Proving that labyrinthine viral marketing campaigns can actually deliver an audience (sorry, Snakes on a Plane), and not all major studios are hopelessly clueless when it comes to turning out the fickle youth dollar on a non-summertime P&A budget, the monstrous, handheld-shot disaster flick Cloverfield raked in $41 million this past weekend, a new box office high-water mark for January releases.
Katherine Heigl’s 27 Dresses, meanwhile, won the battle for female and run-off audiences, placing second for the weekend with a $22.4 million debut; Callie Khouri’s femme-centric heist flick Mad Money, starring Diane Keaton, Queen Latifah and Katie Holmes, placed seventh for the same frame, pulling in $7.7 million. Sold on the strength of Jack Nicholson and Morgan Freeman’s pairing, The Bucket List placed third for the weekend in its second week of wide release, adding $15.2 million to what is now a $41.5 million total. Little-indie-that-could Juno added another $10.3 million to its coffers; it now totals an amazing $85 million in theatrical receipts, proving once again that Fox Searchlight (The Full Monty, Napoleon Dynamite, Sideways) is currently, far and away, the best in the business at connecting films with eager niche and arthouse audiences.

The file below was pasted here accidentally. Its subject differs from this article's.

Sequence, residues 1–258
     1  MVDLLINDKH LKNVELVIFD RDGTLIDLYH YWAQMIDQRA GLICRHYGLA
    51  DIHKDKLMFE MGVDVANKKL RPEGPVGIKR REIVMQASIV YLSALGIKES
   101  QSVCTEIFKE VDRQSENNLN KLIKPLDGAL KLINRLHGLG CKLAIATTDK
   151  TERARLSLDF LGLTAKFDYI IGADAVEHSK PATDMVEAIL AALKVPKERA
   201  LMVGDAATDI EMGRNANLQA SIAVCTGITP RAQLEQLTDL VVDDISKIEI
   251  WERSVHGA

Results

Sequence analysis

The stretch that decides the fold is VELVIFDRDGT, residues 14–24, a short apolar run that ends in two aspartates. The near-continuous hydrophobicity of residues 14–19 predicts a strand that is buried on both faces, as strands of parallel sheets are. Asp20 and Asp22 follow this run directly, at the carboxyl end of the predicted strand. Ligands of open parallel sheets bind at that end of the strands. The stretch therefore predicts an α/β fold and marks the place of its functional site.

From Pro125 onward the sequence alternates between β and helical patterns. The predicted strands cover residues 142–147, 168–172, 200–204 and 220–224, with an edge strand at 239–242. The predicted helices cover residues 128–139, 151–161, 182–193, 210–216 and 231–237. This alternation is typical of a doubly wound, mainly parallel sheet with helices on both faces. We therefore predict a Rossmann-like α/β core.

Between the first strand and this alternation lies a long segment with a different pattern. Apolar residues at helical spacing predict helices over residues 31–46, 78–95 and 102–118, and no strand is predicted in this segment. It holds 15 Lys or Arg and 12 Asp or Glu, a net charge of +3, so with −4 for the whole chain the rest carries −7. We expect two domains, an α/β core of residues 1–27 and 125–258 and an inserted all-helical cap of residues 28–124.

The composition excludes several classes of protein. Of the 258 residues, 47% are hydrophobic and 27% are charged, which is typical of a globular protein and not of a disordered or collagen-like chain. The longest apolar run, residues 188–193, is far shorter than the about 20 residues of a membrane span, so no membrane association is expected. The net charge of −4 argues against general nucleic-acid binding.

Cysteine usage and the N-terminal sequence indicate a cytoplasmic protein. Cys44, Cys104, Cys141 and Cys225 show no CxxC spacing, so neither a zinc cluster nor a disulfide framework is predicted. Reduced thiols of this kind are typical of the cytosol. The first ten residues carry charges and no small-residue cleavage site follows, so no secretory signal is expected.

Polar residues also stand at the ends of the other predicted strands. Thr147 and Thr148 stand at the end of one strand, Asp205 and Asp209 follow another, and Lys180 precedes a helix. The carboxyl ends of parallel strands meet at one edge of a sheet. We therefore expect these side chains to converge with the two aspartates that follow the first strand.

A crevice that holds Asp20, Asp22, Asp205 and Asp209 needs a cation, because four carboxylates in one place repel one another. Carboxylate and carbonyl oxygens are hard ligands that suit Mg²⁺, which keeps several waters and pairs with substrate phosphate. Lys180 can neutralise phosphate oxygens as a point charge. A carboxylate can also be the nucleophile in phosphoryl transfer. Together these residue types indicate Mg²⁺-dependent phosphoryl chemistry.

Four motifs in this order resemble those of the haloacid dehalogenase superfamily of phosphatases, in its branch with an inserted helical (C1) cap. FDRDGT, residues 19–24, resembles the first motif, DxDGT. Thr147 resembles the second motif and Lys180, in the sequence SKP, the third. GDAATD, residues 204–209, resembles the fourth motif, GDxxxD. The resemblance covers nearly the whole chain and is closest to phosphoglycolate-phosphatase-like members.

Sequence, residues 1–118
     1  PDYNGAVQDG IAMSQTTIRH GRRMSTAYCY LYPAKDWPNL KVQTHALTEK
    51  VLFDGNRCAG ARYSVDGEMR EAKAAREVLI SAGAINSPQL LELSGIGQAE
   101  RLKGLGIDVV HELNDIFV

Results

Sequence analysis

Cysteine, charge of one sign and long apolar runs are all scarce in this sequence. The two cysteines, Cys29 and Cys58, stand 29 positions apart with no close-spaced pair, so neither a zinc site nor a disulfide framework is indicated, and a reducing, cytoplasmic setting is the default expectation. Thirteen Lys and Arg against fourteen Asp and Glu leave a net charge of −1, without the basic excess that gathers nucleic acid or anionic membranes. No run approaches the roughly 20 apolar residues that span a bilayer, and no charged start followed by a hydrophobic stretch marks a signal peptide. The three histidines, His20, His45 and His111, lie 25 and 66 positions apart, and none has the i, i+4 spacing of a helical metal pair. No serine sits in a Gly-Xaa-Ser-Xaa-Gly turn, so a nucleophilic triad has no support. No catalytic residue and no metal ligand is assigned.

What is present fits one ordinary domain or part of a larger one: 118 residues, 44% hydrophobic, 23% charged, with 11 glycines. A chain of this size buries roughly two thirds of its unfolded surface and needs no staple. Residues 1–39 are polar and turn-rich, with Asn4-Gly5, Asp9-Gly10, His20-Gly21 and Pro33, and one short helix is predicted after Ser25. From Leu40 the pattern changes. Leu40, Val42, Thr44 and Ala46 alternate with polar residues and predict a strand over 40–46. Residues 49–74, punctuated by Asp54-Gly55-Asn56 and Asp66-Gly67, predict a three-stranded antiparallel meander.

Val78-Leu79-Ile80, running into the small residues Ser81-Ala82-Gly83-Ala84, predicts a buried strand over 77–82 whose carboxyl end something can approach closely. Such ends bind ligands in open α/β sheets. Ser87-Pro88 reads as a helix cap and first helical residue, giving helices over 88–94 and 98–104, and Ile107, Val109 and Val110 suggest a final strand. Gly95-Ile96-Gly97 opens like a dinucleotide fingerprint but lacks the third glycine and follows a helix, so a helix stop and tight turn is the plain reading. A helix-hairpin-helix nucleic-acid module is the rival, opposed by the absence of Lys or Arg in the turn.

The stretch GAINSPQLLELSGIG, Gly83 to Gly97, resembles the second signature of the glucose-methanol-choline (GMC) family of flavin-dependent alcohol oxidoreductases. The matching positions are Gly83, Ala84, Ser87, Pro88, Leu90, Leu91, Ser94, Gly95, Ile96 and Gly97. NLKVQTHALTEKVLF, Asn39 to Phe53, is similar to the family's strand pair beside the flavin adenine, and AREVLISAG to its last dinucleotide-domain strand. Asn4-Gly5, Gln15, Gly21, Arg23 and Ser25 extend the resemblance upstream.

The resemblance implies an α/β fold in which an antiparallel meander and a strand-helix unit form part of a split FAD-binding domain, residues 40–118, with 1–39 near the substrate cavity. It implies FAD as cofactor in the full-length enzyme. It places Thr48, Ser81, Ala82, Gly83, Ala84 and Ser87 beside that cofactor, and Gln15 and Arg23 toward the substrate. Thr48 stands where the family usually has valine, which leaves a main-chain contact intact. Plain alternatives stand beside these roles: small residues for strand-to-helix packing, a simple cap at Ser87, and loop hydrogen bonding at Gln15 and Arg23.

Nicolas Cage’s sequel to National Treasure placed fifth with $8.1 million, while Ice Cube and Tracey Morgan’s First Sunday added $7.8 million.
Rounding out the top 10 were Alvin and the Chipmunks (now a $280 million earner worldwide… sigh) with $7 million, Will Smith’s I Am Legend (a $470 million worldwide smash hit) with $5.1 million, and Joe Wright’s Atonement with $4.8 million. The cancellation of the made-for-TV Golden Globes event likely had a wet-blanket commercial effect on particulary that latter film and Paul Thomas Anderson’s There Will Be Blood, tough-sell awards contenders which each added a significant number of theaters this past week.